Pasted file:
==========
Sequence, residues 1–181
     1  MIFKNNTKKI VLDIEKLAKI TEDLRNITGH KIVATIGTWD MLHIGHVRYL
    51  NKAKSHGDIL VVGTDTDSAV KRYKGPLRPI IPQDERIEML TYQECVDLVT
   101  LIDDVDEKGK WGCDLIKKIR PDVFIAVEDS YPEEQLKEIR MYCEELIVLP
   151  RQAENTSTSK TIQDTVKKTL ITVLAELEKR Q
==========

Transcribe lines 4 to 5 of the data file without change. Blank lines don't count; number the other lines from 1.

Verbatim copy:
   101  LIDDVDEKGK WGCDLIKKIR PDVFIAVEDS YPEEQLKEIR MYCEELIVLP
   151  RQAENTSTSK TIQDTVKKTL ITVLAELEKR Q